11

I created java file in IntelliJ IDE, with that code

import java.awt.AWTException;
import java.awt.MouseInfo;
import java.awt.Robot;

public class JavaRobotExample {
    public static void main(String[] args) {
        int x = 12,
                y = 300;
        try {
            Robot robot = new Robot();
            robot.mouseMove(x, y);

            int xAct = (int)    MouseInfo.getPointerInfo().getLocation().getX(),
                    yAct = (int) MouseInfo.getPointerInfo().getLocation().getY();

            String sPred = String.format("Predicted mouse location : %, d, %, d", x, y),
                    sAct = String.format("Actual mouse location : %, d, %, d", xAct, yAct);

            System.out.println(sPred);
            System.out.println(sAct);
        } catch (AWTException e) {
            e.printStackTrace();
        }
    }
}

That example works fine in Windows 7 environment, but the same code on Mac OS 10.14 doesn't move mouse using method mouseMove (but reads position with MouseInfo class).

Also I don't receive any Exception e.g.

Did someone had earlier similar problem? Any ideas how to get that code to work in Mac OS?

Best Regards,

4
  • You're going to have to be more specific with "it doesnt work". What does the console say when you run it?/what is it supposed to say? Also more to the point how are you running it?
    – scigs
    Nov 1 '18 at 15:13
  • Hi, so in console I receive only these two lines (example from Mac): "Predicted mouse location : 12, 300" and "Actual mouse location : 730, 428" - what is correct, because the second line shows mouse position (because mouse does not change position for some reason). In Windows 7 I can see the same values in both lines (because predicted mouse position is equal to actual position after mouse moved). Do I need to provide something more? Thanks for reply
    – R.edd
    Nov 1 '18 at 17:20
  • I ran your code with JDK 1.8 and the actual and predicted do not match, but my mouse cursor was moved to the correct location. The same code with JDK 11 works.
    – Jason
    Apr 4 '20 at 17:54
  • The code example will not always work. For it to work reliably, there needs to be a SwingUtilities.invokeAndWait used to get the MouseInfo.
    – Jason
    Apr 6 '20 at 15:49
22

I'm having the same exact issue too. I have a statement "robot.mouseMove(100, 100);" and the mouse doesn't move at all. I have an idea to research. I noticed a warning or informational type of message from MacOS while I was running my code. It was asking me something about giving permission for my program to control the screen or system or something. I tried to click the "allow" checkbox, but it wouldn't let me. I'll research this some more. I think it's a MacOS thing. You (and I) have to tell MacOS that it's ok for our Java program to control the mouse.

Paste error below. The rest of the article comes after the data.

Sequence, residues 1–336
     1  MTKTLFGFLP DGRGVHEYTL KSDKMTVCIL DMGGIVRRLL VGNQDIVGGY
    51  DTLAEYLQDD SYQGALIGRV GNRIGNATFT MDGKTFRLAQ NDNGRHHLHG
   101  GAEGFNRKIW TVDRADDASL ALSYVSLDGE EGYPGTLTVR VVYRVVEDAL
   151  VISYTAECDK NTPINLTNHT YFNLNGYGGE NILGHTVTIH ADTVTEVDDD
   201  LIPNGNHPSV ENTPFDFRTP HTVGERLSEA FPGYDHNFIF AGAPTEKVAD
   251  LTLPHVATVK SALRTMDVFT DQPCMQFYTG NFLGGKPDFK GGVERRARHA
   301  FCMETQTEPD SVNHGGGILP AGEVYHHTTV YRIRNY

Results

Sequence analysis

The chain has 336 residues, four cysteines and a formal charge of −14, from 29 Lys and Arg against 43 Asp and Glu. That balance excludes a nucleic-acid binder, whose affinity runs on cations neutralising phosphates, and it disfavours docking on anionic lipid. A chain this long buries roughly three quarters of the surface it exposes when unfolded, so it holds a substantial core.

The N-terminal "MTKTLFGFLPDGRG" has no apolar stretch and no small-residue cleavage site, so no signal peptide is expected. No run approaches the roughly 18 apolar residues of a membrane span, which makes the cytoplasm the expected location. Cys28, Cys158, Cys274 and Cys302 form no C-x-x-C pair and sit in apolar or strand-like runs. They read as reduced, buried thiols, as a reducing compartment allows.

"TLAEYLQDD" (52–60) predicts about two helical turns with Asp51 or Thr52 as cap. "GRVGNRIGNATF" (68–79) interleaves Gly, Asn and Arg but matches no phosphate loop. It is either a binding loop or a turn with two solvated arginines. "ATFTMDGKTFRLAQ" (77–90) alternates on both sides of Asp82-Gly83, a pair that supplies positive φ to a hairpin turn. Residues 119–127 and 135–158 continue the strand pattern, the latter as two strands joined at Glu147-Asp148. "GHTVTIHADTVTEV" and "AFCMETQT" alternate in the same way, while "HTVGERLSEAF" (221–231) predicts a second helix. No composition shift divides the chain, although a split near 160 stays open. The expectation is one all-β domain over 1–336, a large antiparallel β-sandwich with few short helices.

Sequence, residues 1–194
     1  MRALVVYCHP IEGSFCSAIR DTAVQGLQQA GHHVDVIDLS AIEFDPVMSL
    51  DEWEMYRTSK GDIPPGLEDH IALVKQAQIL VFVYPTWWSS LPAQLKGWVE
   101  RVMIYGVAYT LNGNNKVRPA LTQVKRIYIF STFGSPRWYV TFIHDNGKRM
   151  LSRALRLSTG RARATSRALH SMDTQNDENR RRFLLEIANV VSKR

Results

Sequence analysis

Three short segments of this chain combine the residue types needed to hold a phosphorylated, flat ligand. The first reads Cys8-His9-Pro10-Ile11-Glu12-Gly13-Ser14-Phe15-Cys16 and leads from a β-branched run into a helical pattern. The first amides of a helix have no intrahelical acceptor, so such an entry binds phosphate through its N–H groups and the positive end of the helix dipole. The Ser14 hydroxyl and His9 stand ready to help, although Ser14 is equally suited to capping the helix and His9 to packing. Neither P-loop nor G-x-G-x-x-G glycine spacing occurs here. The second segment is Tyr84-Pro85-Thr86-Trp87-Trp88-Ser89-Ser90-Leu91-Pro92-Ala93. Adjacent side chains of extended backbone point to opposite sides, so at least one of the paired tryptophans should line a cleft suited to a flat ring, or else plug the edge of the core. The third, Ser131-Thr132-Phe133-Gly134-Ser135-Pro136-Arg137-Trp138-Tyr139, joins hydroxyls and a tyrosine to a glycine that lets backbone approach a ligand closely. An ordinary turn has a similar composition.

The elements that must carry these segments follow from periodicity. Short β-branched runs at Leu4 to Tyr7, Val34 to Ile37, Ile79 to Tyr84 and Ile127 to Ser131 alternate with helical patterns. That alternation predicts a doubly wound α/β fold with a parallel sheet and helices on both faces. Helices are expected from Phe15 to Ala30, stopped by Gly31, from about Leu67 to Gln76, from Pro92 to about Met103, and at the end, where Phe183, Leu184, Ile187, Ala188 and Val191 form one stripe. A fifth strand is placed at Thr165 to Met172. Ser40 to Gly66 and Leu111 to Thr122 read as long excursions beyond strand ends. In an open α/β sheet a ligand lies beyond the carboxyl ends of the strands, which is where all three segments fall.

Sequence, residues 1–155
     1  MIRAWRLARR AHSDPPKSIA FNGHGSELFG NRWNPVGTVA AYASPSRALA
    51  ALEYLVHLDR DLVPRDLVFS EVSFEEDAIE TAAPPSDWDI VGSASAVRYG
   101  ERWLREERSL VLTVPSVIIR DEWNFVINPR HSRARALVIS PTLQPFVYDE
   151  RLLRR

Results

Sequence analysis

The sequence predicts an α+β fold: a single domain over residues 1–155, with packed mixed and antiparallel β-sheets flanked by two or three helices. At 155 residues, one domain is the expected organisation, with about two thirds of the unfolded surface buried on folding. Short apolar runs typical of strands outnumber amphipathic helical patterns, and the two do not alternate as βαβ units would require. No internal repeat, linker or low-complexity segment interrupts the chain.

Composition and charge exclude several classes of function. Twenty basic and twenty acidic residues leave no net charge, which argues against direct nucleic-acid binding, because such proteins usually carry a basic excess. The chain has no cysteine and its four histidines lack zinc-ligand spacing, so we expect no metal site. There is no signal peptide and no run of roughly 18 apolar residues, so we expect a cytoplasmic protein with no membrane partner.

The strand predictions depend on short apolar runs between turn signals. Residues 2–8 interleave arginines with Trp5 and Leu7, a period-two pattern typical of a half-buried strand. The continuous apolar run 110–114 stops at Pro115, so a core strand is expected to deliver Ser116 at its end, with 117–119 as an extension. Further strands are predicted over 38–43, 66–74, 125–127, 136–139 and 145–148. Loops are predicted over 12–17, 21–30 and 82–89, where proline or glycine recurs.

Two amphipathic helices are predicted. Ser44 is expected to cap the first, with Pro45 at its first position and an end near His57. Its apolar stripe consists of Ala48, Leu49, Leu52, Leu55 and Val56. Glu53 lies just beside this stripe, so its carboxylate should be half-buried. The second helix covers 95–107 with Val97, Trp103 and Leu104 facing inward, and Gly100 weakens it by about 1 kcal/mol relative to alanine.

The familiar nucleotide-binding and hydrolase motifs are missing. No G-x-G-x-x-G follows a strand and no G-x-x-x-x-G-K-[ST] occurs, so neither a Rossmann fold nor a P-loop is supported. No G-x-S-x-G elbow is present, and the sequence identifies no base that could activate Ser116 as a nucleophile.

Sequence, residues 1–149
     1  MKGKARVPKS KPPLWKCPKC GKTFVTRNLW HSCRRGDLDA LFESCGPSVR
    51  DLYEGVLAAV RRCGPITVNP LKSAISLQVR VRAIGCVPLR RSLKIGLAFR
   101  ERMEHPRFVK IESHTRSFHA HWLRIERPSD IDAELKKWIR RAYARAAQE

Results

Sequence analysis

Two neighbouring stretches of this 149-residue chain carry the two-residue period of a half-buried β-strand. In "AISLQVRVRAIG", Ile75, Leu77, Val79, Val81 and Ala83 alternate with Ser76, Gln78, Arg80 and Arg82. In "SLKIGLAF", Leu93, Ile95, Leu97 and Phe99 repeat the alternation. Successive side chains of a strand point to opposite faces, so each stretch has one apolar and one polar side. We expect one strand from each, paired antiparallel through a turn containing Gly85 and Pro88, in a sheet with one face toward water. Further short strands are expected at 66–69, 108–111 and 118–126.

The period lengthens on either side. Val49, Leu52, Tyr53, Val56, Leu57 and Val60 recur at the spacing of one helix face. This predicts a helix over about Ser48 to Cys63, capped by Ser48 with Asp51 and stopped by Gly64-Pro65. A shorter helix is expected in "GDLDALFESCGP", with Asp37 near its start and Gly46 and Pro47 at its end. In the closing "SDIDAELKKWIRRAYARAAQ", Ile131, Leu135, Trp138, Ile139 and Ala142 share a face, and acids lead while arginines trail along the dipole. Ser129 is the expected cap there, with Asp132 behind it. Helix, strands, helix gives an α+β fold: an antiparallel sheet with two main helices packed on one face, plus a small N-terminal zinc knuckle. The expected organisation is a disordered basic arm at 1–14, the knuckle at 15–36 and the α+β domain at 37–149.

I think this is the solution . . .

In System Preferences (the "gear" icon), under Security & Privacy, click the Privacy tab toward the top, then choose Accessibility on the left. This lists all the programs that can "control your computer". I'm using STS, not IntelliJ. I see STS listed along with BetterSnapTool and KeyCastr. Both BetterSnapTool and KeyCastr are checked. STS is not checked. And, all of these are grayed out so that I can't change any of the checks. There's a Lock icon at the bottom left of the window. I clicked on the icon, and a prompt came up asking for my password (I have some level of sysadmin privileges). I put in my password, and I am now allowed to "check" STS. I "checked" STS (you will "check" IntelliJ). After "checking" STS, I clicked the Lock icon at the bottom left again. This "closed" the lock. Now when I run my program, the robot command moves my mouse.

7
  • I already had IntelliJ in the list of authorized apps for "Accessibility". And I'm also having the problem where my Java app, launched within IntelliJ, cannot move the mouse. I wonder if the JVM must be the same for my app and IntelliJ. This is not currently the case.
    – Jason
    Apr 4 '20 at 17:43
  • So indeed, each JVM that needs to run the above code must be given permission using the method described here. IntelliJ embeds a JVM, but I don't use that JVM to compile and run code. I use Gradle which launches yet another JVM. In addition, Gradle has a daemon worker which must be restart after giving the JVM permission. Note: when I say "JVM" I mean the java command.